Data from: The effects of pastoral intensification on the feeding interactions of generalist predators in streams
Pearson, Caitlin E. et al. (2017), Data from: The effects of pastoral intensification on the feeding interactions of generalist predators in streams, Dryad, Dataset, https://doi.org/10.5061/dryad.0hb5n
Land use change can alter trophic interactions with wide-ranging functional consequences, yet the consequences for aquatic food webs have been little-studied. In part, this may reflect the challenges of resolving the diets of aquatic organisms using classical gut contents analysis, especially for soft-bodied prey. We used next generation sequencing to resolve prey use in nearly 400 individuals of two predatory invertebrates (the Caddisfly, Rhyacophila dorsalis, and the Stonefly Dinocras cephalotes) in streams draining land with increasingly intensive livestock farming. Rhyacophila dorsalis occurred in all streams, whereas D. cephalotes was restricted to low intensities, allowing us to test whether: i) apparent sensitivity to agriculture in the latter species reflects a more specialised diet and ii) diet in R. dorsalis varied between sites with and without D. cephalotes. DNA was extracted from dissected gut contents, amplified without blocking probes and sequenced using Ion Torrent technology. Both predators were generalists, consuming 30 prey taxa with preference for taxa that were abundant in all streams or that increased with intensification. Where both predators were present, their diets were nearly-identical, and R. dorsalis’s diet was virtually unchanged in the absence of D. cephalotes. The loss of D. cephalotes from more intensive sites was probably due to physicochemical stressors, such as sedimentation, rather than to dietary specialization, although wider biotic factors (e.g. competition with other predatory taxa) could not be excluded. This study provides a uniquely detailed description of predator diets along a land use intensity gradient, offering new insights into how anthropogenic stressors affect stream communities.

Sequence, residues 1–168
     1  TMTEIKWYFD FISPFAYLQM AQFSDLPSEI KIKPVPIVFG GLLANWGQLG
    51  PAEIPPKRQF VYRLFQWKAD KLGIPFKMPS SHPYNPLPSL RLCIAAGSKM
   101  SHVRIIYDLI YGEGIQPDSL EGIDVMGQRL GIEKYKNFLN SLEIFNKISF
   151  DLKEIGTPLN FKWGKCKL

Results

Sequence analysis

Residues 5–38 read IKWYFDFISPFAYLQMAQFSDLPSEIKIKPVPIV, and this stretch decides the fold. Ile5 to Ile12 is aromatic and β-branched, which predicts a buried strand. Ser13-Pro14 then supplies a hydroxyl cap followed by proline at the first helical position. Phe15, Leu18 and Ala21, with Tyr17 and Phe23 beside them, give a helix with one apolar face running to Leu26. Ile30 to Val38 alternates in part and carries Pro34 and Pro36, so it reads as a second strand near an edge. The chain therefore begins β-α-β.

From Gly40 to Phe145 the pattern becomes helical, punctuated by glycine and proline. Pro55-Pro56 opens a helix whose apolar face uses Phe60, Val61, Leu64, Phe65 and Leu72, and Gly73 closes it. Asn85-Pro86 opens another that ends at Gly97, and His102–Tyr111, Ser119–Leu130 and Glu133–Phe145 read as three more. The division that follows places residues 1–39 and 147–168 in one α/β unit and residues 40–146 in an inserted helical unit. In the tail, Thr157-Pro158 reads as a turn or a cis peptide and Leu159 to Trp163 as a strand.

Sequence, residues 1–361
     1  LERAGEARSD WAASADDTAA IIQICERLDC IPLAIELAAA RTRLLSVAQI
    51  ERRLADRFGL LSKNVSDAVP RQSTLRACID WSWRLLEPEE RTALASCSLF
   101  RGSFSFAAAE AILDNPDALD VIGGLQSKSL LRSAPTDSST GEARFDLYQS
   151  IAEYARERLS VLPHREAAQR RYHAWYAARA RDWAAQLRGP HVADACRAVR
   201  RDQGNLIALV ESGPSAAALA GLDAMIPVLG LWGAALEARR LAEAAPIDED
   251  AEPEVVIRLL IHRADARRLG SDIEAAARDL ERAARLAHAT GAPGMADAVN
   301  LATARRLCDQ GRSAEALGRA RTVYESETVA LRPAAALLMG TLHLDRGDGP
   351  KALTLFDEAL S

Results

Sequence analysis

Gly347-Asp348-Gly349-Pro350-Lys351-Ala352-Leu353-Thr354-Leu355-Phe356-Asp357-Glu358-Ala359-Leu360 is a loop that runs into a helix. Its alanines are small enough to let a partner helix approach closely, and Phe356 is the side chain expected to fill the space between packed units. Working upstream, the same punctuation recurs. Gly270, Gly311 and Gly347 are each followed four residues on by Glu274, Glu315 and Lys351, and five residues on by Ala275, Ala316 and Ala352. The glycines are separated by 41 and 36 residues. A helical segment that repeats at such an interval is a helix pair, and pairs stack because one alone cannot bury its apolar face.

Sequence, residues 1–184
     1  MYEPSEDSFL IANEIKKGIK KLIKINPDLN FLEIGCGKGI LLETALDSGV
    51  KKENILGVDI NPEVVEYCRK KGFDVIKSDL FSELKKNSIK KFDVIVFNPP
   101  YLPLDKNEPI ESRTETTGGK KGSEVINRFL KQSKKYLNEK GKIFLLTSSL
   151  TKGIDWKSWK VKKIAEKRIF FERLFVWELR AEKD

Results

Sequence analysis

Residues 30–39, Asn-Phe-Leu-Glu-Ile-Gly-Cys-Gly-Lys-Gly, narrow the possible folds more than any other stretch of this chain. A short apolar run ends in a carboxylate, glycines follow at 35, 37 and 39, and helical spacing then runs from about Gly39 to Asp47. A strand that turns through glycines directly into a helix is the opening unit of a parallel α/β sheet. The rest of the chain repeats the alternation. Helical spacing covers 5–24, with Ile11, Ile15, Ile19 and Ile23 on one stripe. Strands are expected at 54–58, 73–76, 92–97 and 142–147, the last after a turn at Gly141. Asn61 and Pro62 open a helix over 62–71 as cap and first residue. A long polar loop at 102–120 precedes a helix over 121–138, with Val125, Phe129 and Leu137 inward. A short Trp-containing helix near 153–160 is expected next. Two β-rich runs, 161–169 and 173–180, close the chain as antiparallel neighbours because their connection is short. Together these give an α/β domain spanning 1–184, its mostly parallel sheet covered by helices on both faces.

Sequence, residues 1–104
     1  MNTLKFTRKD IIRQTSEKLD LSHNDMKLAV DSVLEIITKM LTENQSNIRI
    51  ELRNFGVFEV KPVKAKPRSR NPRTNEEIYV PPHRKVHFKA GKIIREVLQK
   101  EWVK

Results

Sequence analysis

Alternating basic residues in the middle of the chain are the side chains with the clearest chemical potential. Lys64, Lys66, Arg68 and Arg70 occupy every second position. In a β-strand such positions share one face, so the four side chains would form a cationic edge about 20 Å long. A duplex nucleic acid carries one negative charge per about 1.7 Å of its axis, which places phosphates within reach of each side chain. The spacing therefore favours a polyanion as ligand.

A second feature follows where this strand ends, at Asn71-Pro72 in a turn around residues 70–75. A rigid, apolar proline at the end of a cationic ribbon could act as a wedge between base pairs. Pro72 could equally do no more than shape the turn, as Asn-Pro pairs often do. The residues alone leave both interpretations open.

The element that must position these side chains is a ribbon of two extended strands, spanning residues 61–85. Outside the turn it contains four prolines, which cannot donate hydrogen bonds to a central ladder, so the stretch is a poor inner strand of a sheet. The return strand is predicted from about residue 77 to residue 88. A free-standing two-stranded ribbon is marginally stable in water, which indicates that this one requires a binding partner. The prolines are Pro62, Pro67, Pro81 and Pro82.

National Science Foundation, Award: No